The atmosphere of Mars is much thinner and contains a lot less water vapor than that of Earth's. Even so, understanding water vapor's behavior on Mars is important because of its role in the hydrological cycle. Maltagliati et al. (p. 1868; see the Perspective by Heavens) measured the vertical distribution of atmospheric water vapor during portions of the northern spring and summer of one Mars year and compared them with the predictions from global climate models. The amount of water vapor at 20- to 50-kilometer altitude was much higher than expected, in excess of saturation, implying that the water vapor's profile height is not controlled by the saturation vapor pressure. This supersaturation is likely to be the result of inefficient condensation of water vapor into ice because of the presence of clouds.

  5. Predicting Polymer Behavior

    A long-standing goal in polymer science is to connect the molecular architecture of a polymer with its flow properties or viscoelasticity. Through a mixture of experiments and calculations, Read et al. (p. 1871; see the Perspective by Larson) predicted the processing characteristics of a complex branched polymer melt from its synthesis chemistry.

  6. A Well-Behaved Catalyst

    CREDIT: HARPER AND SIGMAN

    The simplest way to design an asymmetric catalyst is to place a bulky group on a single side of the structure, so that molecules will bind on the other side and form just one of two possible mirror-image products. Of course, this strategy doesn't always work; the influence of electronic factors can counteract the steric effect, and there's always a question of just how big the bulky group ought to be. Harper and Sigman (p. 1875; see the Perspective by Wiest and Helquist) took a systematic approach to optimizing steric and electronic factors in devising a catalyst for selective addition of alkyne derivatives to ketones and uncovered an unexpected synergy between sterics and electronics that would not have been obvious in screens of either property alone.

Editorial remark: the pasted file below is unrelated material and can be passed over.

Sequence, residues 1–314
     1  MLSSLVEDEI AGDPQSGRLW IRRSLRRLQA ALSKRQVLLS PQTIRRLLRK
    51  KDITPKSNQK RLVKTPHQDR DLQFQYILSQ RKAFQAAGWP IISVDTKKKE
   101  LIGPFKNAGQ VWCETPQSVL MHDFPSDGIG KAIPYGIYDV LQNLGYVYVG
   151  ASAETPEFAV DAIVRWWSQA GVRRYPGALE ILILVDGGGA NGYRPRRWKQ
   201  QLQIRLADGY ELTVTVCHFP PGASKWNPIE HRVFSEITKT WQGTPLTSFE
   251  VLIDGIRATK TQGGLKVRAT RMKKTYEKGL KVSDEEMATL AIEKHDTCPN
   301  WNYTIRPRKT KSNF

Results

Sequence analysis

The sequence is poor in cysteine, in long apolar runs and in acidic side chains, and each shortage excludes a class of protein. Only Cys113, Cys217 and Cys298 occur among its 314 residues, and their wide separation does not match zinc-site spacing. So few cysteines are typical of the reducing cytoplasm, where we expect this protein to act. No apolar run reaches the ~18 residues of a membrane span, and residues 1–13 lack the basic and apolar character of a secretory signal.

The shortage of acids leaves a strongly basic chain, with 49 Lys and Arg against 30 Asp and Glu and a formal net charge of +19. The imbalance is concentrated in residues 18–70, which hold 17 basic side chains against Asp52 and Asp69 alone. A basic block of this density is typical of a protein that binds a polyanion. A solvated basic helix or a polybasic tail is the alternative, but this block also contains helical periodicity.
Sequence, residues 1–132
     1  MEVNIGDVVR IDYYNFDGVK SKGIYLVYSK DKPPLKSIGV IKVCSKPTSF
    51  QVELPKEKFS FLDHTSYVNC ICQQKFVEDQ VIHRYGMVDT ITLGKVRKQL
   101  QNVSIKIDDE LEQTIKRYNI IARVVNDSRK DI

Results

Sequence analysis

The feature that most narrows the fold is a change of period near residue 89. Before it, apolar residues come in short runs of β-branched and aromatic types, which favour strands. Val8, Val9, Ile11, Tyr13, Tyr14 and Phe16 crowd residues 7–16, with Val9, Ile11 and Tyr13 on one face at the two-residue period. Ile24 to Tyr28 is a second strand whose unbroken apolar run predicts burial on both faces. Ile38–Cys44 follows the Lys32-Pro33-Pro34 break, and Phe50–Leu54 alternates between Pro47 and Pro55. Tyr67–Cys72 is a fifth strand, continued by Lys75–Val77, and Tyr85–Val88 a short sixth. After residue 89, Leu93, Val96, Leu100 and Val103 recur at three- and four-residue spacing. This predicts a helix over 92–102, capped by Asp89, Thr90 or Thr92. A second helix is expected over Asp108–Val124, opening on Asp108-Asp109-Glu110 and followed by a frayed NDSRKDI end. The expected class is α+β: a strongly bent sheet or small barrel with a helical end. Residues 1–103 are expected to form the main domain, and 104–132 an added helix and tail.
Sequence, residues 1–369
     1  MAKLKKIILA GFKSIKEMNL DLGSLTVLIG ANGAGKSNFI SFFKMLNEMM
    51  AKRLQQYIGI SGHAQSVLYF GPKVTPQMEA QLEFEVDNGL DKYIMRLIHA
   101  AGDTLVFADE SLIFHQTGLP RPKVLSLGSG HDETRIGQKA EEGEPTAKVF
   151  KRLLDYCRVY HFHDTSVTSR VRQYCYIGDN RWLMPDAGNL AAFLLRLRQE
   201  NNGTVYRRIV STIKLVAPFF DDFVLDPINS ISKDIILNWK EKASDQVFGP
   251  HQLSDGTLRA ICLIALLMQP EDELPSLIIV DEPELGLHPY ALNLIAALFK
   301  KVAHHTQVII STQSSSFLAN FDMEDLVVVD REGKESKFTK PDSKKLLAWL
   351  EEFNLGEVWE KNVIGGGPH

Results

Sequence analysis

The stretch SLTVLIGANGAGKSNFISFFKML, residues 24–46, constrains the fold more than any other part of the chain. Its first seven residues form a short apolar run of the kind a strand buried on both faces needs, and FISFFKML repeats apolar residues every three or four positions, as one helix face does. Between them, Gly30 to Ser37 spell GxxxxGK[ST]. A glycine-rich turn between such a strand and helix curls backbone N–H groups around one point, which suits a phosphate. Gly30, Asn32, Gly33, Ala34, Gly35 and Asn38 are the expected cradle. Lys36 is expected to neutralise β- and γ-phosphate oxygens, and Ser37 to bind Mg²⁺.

7. Measuring Zeitgeist?

    It is difficult to acquire data on mood at an individual level for large populations. Golder and Macy (p. 1878) examined more than 509 million Twitter posts by 2.4 million users over a 2-year period in order to study collective mood. Two standard lexicons were used to connect text to mood. The U.S., Canada, the UK, Australia, India, and English-speaking Africa all showed similar mood rhythms—despite very different cultures, geographies, and religions. People tended to be more positive on weekends and early in the morning.

  8. When Is a Demethylase Not a Demethylase?

    A transcriptional negative feedback mechanism is central to the mammalian circadian clock, but the detailed mechanisms that account for precise control of the oscillator, in particular modifications to histones that influence transcription, are not fully understood. DiTacchio et al. (p. 1881; see the Perspective by Brown) show that regulation at the promoter of the Per2 gene, which encodes a clock component that in turn represses transcription of other genes, involves binding of a histone demethylase called JARID1a. The important function of JARID1a at the Per2 promoter, however turned out not to depend on its histone demethylase activity, but rather to be its influence to decrease histone acetylation at the Per promoter. Circadian rhythms were disrupted or altered in flies and mice lacking JARID1a.

  9. Calcium in Color